Facebook says it was ‘too slow’ to fight hate speech in Myanmar

Because of Facebook’s systems struggle to interpret Burmese script, the company is heavily dependent on users reporting hate speech in Myanmar. (Reuters)
Updated 16 August 2018
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Facebook says it was ‘too slow’ to fight hate speech in Myanmar

YANGON: Facebook has been “too slow” to address hate speech in Myanmar and is acting to remedy the problem by hiring more Burmese speakers and investing in technology to identify problematic content, the company said in a statement on Thursday.
The acknowledgement came a day after a Reuters investigation showed why the company has failed to stem a wave of vitriolic posts about the minority Rohingya.
Some 700,000 Rohingya fled their homes last year after an army crackdown that the United States denounced as ethnic cleansing. The Rohingya now live in teeming refugee camps in Bangladesh.
“The ethnic violence in Myanmar is horrific and we have been too slow to prevent misinformation and hate speech on Facebook,” Facebook said.
The Reuters story revealed the social media giant for years dedicated scant resources to combating hate speech in Myanmar, which is a market it dominates and where there have been repeated eruptions of ethnic violence.
In early 2015, for instance, there were only two people at Facebook who could speak Burmese monitoring problematic posts.
In Thursday’s statement, posted online, Facebook said it was using tools to automatically detect hate speech and hiring more Burmese-language speakers to review posts, following up on a pledge made by founder Mark Zuckerberg to US senators in April.
The company said that it had over 60 “Myanmar language experts” in June and plans to have at least 100 by the end of the year.
Reuters found more than 1,000 examples of posts, comments, images and videos denigrating and attacking the Rohingya and other Muslims that were on the social media platform as of last week.
Some of the material, which included pornographic anti-Muslim images, has been up on Facebook for as long as six years.
There are numerous posts that call the Rohingya and other Muslims dogs and rapists, and urge they be exterminated.
Facebook currently doesn’t have a single employee in Myanmar, relying instead on an outsourced, secretive operation in Kuala Lumpur – called Project Honey Badger – to monitor hate speech and other problematic posts, the Reuters investigation showed.
Because Facebook’s systems struggle to interpret Burmese script, the company is heavily dependent on users reporting hate speech in Myanmar.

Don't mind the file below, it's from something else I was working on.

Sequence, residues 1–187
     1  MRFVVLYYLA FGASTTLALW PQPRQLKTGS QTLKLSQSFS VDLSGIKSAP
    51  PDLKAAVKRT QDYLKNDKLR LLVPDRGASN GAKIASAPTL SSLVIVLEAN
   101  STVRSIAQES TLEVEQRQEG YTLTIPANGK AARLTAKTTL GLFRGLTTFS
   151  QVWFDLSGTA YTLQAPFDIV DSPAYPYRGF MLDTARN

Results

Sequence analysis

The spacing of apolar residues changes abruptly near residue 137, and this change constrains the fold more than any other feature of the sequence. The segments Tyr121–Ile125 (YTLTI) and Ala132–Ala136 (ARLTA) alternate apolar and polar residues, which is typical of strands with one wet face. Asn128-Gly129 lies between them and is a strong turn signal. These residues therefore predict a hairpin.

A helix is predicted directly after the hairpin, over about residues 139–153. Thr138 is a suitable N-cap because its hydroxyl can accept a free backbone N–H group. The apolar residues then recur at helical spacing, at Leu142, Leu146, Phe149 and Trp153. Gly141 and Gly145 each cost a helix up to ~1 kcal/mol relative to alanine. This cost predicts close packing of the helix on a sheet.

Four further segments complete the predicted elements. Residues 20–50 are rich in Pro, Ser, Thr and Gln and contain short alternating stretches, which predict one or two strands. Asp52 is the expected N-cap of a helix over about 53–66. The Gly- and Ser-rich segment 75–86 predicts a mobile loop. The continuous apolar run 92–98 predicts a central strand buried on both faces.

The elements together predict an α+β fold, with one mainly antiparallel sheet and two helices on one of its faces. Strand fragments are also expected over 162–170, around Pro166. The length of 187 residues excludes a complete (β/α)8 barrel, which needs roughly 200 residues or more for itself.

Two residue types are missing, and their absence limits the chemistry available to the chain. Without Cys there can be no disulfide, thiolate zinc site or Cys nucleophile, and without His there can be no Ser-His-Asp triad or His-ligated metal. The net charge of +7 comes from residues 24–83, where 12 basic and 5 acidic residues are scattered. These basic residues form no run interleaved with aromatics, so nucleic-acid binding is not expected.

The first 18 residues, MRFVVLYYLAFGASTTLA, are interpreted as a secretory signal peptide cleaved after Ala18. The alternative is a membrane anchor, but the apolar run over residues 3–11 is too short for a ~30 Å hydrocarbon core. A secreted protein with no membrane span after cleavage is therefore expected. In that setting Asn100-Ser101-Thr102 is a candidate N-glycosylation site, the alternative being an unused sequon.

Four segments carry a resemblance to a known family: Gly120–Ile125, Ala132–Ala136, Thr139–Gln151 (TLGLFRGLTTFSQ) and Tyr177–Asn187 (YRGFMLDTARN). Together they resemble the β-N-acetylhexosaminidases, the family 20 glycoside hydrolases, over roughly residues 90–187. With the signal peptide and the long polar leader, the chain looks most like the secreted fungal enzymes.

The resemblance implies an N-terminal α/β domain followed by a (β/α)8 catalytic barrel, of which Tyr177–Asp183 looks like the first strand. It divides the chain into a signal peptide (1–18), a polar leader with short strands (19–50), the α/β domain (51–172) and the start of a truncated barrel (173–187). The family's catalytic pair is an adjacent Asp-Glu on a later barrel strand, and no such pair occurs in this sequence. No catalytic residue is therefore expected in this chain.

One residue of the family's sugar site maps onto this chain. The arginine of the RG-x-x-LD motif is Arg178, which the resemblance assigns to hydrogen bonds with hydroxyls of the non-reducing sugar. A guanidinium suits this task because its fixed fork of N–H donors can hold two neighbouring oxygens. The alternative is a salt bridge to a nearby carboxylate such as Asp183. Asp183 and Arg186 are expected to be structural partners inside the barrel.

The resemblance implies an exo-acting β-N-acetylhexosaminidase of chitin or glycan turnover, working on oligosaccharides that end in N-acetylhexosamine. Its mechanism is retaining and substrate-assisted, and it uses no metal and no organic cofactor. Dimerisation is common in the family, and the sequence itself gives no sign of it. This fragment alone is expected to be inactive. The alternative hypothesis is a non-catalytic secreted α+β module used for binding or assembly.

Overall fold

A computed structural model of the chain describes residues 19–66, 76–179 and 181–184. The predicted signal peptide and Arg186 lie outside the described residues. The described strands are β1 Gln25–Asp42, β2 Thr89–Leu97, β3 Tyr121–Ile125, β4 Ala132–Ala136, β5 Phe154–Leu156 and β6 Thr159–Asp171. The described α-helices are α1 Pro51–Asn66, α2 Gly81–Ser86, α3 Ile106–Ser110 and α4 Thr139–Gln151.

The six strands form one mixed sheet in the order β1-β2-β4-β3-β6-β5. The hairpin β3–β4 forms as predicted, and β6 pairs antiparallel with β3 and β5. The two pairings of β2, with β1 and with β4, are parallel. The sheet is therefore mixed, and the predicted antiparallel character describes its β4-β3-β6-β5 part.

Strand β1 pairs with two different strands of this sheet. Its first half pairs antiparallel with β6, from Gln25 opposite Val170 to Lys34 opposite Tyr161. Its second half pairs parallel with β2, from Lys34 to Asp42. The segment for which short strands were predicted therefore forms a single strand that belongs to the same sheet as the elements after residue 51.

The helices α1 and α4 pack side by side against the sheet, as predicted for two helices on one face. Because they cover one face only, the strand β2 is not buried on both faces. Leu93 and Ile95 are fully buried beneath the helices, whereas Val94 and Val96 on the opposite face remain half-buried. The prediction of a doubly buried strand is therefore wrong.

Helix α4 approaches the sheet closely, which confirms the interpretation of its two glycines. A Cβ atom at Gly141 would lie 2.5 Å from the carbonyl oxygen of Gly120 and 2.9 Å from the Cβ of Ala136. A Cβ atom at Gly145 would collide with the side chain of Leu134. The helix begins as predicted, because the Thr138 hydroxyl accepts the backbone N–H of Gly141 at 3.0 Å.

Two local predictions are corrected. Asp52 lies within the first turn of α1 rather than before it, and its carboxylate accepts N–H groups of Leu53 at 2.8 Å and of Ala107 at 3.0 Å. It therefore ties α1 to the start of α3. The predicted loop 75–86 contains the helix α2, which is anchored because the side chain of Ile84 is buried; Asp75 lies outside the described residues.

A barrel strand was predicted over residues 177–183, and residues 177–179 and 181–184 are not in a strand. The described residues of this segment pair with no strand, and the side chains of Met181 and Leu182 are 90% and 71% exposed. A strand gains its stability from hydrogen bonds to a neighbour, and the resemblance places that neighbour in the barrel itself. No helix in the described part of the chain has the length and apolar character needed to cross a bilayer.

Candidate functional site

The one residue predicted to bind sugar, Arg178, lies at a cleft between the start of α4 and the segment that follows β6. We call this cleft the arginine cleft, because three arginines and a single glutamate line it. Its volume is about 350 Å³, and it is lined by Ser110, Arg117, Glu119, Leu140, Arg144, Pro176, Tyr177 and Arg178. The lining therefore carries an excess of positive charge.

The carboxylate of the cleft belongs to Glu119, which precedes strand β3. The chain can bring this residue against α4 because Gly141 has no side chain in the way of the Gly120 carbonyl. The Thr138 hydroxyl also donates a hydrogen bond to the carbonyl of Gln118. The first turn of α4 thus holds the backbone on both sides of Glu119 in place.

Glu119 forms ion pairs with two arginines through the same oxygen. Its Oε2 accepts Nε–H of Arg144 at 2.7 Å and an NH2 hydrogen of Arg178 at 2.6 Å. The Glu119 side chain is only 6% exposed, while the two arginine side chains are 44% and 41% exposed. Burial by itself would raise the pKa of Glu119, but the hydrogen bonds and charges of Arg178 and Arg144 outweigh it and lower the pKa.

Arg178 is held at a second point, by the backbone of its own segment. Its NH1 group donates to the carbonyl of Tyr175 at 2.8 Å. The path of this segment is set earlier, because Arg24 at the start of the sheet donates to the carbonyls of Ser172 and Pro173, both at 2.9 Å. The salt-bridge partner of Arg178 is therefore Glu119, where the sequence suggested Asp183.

Researchers and human rights activists say they have been warning Facebook for years about how its platform was being used to spread hatred against the Rohingya and other Muslims in Myanmar.
In its statement on Thursday, Facebook said it had banned a number of Myanmar hate figures and organizations from the platform.


Nestle, AT&T pull YouTube ads over pedophile concerns

Updated 22 February 2019
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Nestle, AT&T pull YouTube ads over pedophile concerns

  • A video from a popular YouTuber and a report from Wired showed that pedophiles have made unseemly comments on innocuous videos of kids
  • YouTube has faced advertiser boycotts in the past, including a widespread boycott in early 2017

SAN FRANCISCO, US: Several companies, including AT&T and Nestle, are pulling advertisements from YouTube over concerns about inappropriate comments on videos of children.
A video from a popular YouTuber and a report from Wired showed that pedophiles have made unseemly comments on innocuous videos of kids. The comments reportedly included timestamps that showed where kids innocently bared body parts.
YouTube says it disabled comments on tens of millions of videos and deleted offending accounts and channels.
Nestle and Fortnite maker Epic Games say they paused ads on YouTube while the company works on the issue. AT&T says it has removed ads until YouTube can “protect our brand from offensive content of any kind.”
YouTube has faced advertiser boycotts in the past, including a widespread boycott in early 2017. Since then YouTube has made efforts to be more transparent about how it deals with offensive comments and videos on its site.
But the latest flap shows how much of an ongoing problem offensive content continues to be, said eMarketer video analyst Paul Verna.
“When you think about the scope of that platform and what they’re up against, it is really like a game of whack-a-mole to try to prevent these problems from happening,” he said.
Still, because of the powerful advertising reach of YouTube’s parent Google, brands are unlikely to stay away from YouTube for long, he said.
Digital ad spending in the US is expected to grow 19 percent in 2019 to $129.34 billion this year, or 54 percent of estimated total US ad spending, according to eMarketer, with Google and Facebook accounting for nearly 60 percent of that total.
“At the end of the day, there’s a duopoly out there of Google and Facebook,” for digital advertising, he said. “Any brand that doesn’t play the game with either is potentially leaving a big marketing opportunity on the table.”